Most managers in the food service industry work their way up from hands-on operational roles. In the progression from operational to managerial roles a manager must learn to let-go of day-to-day operations in order to be more effective. This is often a painful transition.
A friend recently started a new role as manager of a multi-outlet operation. When he first started he was spreading himself thin, trying to manage the business while pulling duty manager shifts at night and on weekends.
It wasn’t long before he started to struggle with his administrative duties and the business began to suffer. His first instinct was to do more shifts to reduce cost. This is the downward spiral that many operators fall into.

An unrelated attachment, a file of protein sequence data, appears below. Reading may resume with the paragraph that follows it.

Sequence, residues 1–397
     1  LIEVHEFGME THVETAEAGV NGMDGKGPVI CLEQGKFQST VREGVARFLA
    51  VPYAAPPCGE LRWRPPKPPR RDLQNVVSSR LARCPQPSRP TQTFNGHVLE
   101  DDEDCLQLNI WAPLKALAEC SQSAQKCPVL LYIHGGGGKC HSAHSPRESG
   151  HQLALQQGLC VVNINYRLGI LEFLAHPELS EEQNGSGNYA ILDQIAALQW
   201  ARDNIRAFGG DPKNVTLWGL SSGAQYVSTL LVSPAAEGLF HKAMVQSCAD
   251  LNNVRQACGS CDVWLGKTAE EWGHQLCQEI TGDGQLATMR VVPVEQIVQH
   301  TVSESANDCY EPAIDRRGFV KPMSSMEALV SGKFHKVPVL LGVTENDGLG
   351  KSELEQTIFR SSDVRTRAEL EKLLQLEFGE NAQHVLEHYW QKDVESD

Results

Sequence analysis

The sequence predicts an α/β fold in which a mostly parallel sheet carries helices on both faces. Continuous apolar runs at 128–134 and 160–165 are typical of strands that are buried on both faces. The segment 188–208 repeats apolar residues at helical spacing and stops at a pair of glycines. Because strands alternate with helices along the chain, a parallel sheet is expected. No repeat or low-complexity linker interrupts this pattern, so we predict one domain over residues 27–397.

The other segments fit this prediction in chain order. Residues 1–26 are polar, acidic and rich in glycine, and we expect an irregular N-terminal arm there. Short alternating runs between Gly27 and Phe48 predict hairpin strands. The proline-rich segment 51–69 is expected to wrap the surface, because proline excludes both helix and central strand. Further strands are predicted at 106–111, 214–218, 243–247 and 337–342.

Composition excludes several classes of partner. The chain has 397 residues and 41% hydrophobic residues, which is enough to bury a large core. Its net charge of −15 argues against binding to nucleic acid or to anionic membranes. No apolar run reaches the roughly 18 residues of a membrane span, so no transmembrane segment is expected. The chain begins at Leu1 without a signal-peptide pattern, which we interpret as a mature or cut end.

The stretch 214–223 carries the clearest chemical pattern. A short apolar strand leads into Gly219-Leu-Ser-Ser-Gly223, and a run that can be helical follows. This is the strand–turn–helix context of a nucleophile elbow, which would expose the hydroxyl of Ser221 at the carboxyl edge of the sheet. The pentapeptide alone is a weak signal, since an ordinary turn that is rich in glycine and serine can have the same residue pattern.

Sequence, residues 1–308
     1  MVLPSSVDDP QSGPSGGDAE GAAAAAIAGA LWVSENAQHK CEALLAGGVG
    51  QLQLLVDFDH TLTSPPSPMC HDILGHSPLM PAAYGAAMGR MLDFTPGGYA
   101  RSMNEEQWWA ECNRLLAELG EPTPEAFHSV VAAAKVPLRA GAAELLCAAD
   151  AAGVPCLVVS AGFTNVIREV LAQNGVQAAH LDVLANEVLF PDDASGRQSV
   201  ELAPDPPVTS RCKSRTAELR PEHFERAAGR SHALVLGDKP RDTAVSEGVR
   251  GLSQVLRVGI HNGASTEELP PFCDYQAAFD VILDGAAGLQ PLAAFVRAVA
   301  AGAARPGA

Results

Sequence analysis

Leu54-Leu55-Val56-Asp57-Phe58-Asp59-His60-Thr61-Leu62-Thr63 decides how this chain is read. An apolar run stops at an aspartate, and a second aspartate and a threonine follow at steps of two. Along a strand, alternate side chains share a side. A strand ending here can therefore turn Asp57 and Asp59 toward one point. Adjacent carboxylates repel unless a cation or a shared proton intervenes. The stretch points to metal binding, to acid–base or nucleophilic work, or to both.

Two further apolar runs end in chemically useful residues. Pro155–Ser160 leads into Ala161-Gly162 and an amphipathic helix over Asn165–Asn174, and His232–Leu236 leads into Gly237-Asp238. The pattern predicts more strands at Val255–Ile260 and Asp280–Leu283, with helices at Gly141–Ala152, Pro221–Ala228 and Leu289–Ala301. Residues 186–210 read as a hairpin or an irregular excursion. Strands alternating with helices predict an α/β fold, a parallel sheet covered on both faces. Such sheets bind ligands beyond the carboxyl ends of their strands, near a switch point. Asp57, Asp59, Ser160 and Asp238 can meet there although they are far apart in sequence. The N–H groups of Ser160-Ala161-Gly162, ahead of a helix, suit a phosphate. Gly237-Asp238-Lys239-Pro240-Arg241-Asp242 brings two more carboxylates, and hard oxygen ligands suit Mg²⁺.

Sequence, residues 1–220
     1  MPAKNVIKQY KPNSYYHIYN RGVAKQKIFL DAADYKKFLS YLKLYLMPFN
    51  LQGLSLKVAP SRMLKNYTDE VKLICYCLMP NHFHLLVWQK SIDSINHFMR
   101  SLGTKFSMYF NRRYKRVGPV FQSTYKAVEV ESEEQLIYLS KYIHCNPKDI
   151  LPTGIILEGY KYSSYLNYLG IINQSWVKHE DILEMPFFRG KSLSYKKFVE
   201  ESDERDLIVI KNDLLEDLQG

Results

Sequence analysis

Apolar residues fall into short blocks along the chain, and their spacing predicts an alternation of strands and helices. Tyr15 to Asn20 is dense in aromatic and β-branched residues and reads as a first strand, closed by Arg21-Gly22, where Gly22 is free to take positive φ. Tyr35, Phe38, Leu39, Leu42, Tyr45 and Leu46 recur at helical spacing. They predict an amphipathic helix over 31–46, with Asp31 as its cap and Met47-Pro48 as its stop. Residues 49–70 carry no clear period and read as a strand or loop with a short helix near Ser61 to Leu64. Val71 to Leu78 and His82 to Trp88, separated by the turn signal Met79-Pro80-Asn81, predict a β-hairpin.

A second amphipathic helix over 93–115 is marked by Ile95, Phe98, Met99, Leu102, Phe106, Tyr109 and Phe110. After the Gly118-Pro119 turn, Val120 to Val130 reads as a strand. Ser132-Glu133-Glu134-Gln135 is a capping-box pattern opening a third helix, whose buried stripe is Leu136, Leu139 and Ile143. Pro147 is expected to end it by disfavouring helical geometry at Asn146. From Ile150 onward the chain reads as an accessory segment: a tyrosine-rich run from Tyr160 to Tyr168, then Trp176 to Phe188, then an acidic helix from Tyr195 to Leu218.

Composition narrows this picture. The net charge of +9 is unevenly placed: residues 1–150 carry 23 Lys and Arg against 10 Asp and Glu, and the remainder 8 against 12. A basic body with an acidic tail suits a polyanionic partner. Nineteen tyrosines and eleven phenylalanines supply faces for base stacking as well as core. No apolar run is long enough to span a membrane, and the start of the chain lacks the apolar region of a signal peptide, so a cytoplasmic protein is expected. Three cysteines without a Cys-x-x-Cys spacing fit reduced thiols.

There is an opportunity cost of covering shifts that could be filled by a $15/hr employee. There are many things that a manager can do that are worth more than $15/hr, including:
- Recruiting – spend time recruiting the right people
- Marketing – grow the business by spreading the word
- Process re-engineering – tune processes to be more efficient
- Financial Planning – Manage Creditors and Debtors to your advantage
- Purchasing – Shop around for better deals
My friend made the right choice by stepping back from operational duties and focusing on management. The turnaround was almost immediate, as he capitalised on opportunities that were previously missed. He secured some major conferences, leveraged his suppliers to sponsor promotions and worked with a local traders association to coordinate promotional events.
Stepping-back to spend more time on management is difficult for many operators. However, not doing so is limiting for both operator and business.